He calls it “presenting the Harvard option.’’ An opportunity to walk the hallowed halls, network with some of the world’s most powerful people, and leave with one of the most valuable degrees in the country.

“It’s a powerful one,’’ Amaker said. “And we’re hopeful that if we present it to the right kid then they will be very interested for the right reasons.’’

Keith Wright bit.

He spent two years at Princess Anne High School in Suffolk, Va., and two at the Norfolk Collegiate School, a private school in Norfolk. He still remembers coughing and sneezing when his mom told him Harvard had called.

She said, “Harvard’s on the phone.’’

He said, “Harvard’s on the phone? I’m there.’’

“It wasn’t even a question,’’ he said. “I think Harvard speaks for itself. After that ball stops bouncing, what are you going to do?’’

Amaker painted Wright the same picture.

“It was a dream that was pitched to us,’’ Wright said. “Being recruited was making history, not just being a part of the history that other schools had already established, but doing something that’s never been done. It really wasn’t a tough decision.’’

What sold him were the non-hoops residuals.

He said, “Now when people say my name back home they say, ‘That’s Keith Wright. He plays basketball . . . for Harvard.’ ’’

Game-changers sought

Amaker has bigger plans. He was asked to speak in front of faculty recently and one of the professors asked him about college players who leave for the professional ranks after spending just a year on campus.

It’s commonplace in the college basketball landscape, but not at Harvard.

Amaker responded, “If we had a player that could be a game-changing kind of kid, that could fit the profile of this school, that could be special, but yet happened to be one of the best players in the country, that’s awesome. I don’t see anything wrong with that.’’

That image is what has the gears working in Amaker’s mind.

He thinks of players like North Carolina’s Harrison Barnes or Kyrie Irving (who played one year at Duke before jumping to the NBA) and asks himself, “Why not?’’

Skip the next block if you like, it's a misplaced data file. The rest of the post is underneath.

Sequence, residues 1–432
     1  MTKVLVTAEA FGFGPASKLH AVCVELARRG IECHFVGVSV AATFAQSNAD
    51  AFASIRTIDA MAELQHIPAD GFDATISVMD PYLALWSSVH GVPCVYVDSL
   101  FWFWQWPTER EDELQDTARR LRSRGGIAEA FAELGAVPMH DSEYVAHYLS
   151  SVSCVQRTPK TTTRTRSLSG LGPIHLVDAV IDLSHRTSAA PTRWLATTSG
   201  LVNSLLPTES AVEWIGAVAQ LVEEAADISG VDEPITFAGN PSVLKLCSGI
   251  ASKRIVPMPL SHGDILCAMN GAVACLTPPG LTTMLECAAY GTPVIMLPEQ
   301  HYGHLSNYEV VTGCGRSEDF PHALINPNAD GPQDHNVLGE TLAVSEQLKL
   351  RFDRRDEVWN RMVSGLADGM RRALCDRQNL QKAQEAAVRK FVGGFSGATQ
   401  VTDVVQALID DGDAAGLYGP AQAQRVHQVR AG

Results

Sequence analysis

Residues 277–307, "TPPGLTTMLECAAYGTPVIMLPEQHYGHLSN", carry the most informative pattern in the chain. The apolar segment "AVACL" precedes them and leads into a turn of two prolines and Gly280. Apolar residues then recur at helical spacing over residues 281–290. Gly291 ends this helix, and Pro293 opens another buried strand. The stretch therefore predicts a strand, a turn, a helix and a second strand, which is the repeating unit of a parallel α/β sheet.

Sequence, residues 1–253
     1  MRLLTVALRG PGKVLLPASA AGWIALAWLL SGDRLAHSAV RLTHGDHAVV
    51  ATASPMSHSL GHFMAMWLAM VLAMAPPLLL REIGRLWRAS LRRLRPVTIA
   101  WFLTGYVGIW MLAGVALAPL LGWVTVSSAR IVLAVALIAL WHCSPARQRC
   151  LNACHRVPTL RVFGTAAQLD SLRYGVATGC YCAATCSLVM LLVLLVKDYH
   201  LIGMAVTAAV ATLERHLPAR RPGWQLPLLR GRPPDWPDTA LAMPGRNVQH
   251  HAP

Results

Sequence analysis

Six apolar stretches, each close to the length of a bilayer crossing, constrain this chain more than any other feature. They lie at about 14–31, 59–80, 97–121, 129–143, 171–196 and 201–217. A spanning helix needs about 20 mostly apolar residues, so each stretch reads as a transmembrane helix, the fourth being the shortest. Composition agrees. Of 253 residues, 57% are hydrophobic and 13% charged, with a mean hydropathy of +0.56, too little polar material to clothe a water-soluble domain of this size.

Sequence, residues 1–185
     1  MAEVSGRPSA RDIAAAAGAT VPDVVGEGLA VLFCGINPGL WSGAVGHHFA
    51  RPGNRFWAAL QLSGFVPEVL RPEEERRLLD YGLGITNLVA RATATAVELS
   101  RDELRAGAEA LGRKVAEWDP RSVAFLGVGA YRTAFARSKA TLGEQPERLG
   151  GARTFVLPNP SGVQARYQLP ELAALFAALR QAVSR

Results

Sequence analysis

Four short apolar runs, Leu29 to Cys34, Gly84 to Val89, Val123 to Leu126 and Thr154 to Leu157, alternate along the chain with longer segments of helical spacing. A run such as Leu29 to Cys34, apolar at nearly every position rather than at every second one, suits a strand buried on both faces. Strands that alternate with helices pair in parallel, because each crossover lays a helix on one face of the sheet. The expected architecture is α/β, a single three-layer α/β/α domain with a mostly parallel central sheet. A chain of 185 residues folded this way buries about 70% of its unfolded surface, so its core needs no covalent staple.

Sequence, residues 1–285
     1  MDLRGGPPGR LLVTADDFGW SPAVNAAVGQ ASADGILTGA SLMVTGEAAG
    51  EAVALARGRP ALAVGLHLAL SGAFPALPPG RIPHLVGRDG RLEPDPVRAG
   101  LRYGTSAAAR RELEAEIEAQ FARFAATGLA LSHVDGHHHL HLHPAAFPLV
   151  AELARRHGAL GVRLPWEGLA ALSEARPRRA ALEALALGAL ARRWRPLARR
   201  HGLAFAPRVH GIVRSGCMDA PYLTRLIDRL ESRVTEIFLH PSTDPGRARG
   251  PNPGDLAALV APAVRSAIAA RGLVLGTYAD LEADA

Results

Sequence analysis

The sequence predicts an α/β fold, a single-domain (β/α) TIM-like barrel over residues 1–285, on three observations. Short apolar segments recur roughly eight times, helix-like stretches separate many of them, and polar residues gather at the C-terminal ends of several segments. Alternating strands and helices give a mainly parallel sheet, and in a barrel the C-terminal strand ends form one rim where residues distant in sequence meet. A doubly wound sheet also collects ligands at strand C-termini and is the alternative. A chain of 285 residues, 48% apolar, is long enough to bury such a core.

“I’m hopeful that we can get a kid that can be good enough to come to Harvard and leave early,’’ Amaker said. “I like that. I want that. I already know what I want him to say when they ask the question. ‘I want to do what Bill Gates did. I want to do what Mark Zuckerberg did.’ Why not?

“If they’re the kids like Bill Gates and Zuckerberg, but they happen to be that talented basketball-wise, I think we’d kill to have them. Why wouldn’t we? We want game-changers. We want special, bright kids. Just because he happens to be a ballplayer as opposed to someone doing something else across the river in a different capacity, we want those kinds of kids.’’

Exposure always helps

There’s an Ivy League championship banner hanging in Lavietes Pavilion. On the wall in the lounge that overlooks Harvard’s court, Lin’s Golden State jersey hangs framed. At concerts, Jay-Z wears Harvard varsity jackets. ESPN the Magazine spotlighted the Crimson’s turnaround. Those things make it easier to convince recruits to come.

“I think it’s easier for us to present some of these things to other kids now because these aren’t sight unseen things anymore,’’ Amaker said. “They’ve seen us play on ESPN. They’ve seen us have some success. They’ve seen some of the other kids talking about us in recruiting. I think it’s something that’s become pretty cool.’’

Now, Casey’s a salesman, telling recruits that coming to Harvard isn’t a four-year decision, it’s a 40-year decision.

“We really preach to them that it’s a life decision,’’ Casey said. “We have a competitive schedule. We’ve had success and this program is looking to sustain its success rather than build its success. So it’s more comforting for a recruit to see a banner, see wins, see competition, see a person in the pros.’’

They can see a program building brick by brick.

“It’s awesome,’’ Casey said. “A lot of people have put in a lot of sweat and tears into this program to get us where we are. Everyone in this program is reaping the rewards.’’

Julian Benbow can be reached at jbenbow@globe.com.